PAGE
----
# The Commutator Subgroup is Normal. [duplicate]

This is part of Exercise 2.7.9 of F. M. Goodman's "Algebra: Abstract and Concrete".

Definition 1: The commutator subgroup $C$ of a group $G$ is the subgroup generated by all elements of the form $xyx^{-1}y^{-1}$ for $x, y\in G$.

The Question: Show that the commutator subgroup $C$ of a group $G$ is normal and that $G/C$ is abelian.

## My Attempt:

Let $g\in G$. Then $g(xyx^{-1}y^{-1})g^{-1}=gxy(gyx)^{-1}$, but I don't know where to go from here. What I'm trying to do is write $g(xyx^{-1}y^{-1})g^{-1}$ as an element of $C$.

## marked as duplicate by Dietrich Burde, Derek Holt abstract-algebra StackExchange.ready(function() { if (StackExchange.options.isMobile) return; $('.dupe-hammer-message-hover:not(.hover-bound)').each(function() { var$hover = $(this).addClass('hover-bound'),$msg = $hover.siblings('.dupe-hammer-message');$hover.hover( function() { $hover.showInfoMessage('', { messageElement:$msg.clone().show(), transient: false, position: { my: 'bottom left', at: 'top center', offsetTop: -7 }, dismissable: false, relativeToBody: true }); }, function() { StackExchange.helpers.removeMessages(); } ); }); }); Mar 13 '17 at 21:15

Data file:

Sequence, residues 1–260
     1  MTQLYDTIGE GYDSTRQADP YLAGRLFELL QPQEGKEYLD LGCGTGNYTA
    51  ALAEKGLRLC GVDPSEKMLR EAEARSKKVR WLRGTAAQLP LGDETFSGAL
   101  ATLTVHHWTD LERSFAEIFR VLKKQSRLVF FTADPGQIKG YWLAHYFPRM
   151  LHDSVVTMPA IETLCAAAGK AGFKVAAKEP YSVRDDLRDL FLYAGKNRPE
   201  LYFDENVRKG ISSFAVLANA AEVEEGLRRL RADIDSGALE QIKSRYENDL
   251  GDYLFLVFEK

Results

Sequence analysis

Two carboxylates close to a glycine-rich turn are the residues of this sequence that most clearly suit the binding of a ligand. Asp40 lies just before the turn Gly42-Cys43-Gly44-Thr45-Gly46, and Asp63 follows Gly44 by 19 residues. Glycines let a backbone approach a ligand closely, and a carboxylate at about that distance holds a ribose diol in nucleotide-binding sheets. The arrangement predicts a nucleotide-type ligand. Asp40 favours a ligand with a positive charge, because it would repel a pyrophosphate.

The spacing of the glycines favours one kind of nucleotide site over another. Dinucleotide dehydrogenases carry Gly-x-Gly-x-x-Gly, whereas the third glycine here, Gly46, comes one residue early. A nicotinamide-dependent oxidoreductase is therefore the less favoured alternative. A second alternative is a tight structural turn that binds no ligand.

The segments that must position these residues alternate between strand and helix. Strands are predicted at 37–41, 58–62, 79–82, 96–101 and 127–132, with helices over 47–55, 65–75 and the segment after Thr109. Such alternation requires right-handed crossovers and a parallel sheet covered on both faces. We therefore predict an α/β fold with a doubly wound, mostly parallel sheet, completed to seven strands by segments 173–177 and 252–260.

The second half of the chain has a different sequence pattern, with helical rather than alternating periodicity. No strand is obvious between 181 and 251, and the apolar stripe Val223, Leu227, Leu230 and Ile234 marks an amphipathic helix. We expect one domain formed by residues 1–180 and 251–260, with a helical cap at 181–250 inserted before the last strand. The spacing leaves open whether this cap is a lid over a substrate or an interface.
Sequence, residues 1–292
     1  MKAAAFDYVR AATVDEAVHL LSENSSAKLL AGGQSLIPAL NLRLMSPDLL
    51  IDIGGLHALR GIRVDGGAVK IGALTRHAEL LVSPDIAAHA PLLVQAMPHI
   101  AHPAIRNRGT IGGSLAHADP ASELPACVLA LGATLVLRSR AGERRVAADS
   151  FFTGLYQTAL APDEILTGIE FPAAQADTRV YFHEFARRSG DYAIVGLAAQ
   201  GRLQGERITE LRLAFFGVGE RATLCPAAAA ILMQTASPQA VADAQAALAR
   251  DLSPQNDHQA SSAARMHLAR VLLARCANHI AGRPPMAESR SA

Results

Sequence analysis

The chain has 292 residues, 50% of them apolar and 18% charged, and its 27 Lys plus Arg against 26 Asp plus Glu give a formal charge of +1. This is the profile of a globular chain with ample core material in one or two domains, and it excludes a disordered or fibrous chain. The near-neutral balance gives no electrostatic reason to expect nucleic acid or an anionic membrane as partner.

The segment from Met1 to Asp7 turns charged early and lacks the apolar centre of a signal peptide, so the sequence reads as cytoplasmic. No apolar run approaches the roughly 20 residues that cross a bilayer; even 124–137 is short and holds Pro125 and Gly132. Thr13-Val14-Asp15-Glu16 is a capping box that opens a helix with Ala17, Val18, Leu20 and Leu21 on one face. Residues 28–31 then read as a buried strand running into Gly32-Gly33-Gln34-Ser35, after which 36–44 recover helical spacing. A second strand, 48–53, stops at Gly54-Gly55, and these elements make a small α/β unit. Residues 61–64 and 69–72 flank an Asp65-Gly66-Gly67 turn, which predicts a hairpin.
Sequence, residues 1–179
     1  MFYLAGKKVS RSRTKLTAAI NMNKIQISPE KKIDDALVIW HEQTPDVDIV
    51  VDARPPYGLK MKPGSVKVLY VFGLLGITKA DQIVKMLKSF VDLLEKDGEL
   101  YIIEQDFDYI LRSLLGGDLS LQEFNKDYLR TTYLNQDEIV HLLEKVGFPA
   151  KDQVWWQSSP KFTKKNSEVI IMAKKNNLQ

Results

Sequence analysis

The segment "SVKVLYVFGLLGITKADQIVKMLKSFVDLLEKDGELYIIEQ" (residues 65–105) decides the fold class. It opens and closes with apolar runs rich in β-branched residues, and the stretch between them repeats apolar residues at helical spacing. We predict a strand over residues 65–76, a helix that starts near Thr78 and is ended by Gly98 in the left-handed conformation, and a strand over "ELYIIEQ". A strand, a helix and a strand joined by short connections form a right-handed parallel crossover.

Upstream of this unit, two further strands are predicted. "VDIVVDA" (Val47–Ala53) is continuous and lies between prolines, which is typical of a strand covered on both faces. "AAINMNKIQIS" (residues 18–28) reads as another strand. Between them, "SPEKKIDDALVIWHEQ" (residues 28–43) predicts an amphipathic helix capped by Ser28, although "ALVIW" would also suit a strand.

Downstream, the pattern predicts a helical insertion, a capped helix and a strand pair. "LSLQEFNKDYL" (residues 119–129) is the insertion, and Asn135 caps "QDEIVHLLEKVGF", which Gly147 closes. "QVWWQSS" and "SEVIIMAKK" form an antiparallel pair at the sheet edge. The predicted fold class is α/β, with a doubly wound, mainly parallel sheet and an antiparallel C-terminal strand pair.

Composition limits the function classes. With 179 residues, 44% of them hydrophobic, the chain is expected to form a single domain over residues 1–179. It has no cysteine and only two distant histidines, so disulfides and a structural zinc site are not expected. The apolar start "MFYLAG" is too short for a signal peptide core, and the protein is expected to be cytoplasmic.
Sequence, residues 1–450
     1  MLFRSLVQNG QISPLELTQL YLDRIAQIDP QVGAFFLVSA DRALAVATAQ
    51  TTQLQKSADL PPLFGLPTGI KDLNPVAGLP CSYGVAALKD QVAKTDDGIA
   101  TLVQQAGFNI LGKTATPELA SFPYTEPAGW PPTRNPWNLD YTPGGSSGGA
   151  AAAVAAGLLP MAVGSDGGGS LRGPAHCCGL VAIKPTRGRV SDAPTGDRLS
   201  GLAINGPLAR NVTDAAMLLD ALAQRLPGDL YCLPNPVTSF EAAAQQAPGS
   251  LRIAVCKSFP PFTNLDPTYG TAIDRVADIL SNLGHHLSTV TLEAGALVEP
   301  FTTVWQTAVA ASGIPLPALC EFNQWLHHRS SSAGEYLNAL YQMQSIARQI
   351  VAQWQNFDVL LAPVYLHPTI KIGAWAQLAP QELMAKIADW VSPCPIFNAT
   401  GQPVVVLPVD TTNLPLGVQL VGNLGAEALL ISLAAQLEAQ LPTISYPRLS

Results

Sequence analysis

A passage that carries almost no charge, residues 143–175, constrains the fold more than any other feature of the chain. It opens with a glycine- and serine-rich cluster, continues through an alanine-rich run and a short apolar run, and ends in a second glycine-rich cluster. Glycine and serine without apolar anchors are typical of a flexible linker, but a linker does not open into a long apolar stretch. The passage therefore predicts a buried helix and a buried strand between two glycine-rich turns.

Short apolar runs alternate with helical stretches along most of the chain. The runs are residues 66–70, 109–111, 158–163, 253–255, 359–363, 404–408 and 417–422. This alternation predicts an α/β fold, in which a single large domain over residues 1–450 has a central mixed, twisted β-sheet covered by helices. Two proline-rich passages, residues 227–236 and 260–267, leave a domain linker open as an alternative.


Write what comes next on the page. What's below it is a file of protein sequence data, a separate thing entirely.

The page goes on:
• If $x$ lies in the commutator and $g\in G$, then $gxg^{-1} = (gxg^{-1}x^{-1})\cdot x$ lies in the commutator. Hence the commutator subgroup is normal. – Claudius Mar 13 '17 at 14:21
• For the first bit, $gxyx^{-1}y^{-1}g^{-1}=gxygg^{-1}x^{-1}y^{-1}g^{-1}$. That might help. – Shaun Mar 13 '17 at 14:32
We have $$(gxg^{-1})^{-1}=gx^{-1}g^{-1}$$ and similarly for $$gyg^{-1}$$, so that \begin{align} g(x yx^{-1}y^{-1})g^{-1}&=gx\cdot (g^{-1}g)\cdot y\cdot (g^{-1}g)\cdot x^{-1}\cdot (g^{-1}g)\cdot y^{-1}g^{-1} \\ &=\underbrace{gxg^{-1}} \underbrace{gyg^{-1}}\underbrace{gx^{-1}g^{-1}}\underbrace{gy^{-1}g^{-1}} \\ &=(gxg^{-1})(gyg^{-1})(gxg^{-1})^{-1}(gyg^{-1})^{-1} \end{align} is an element of $$C$$, so $$C$$ is normal.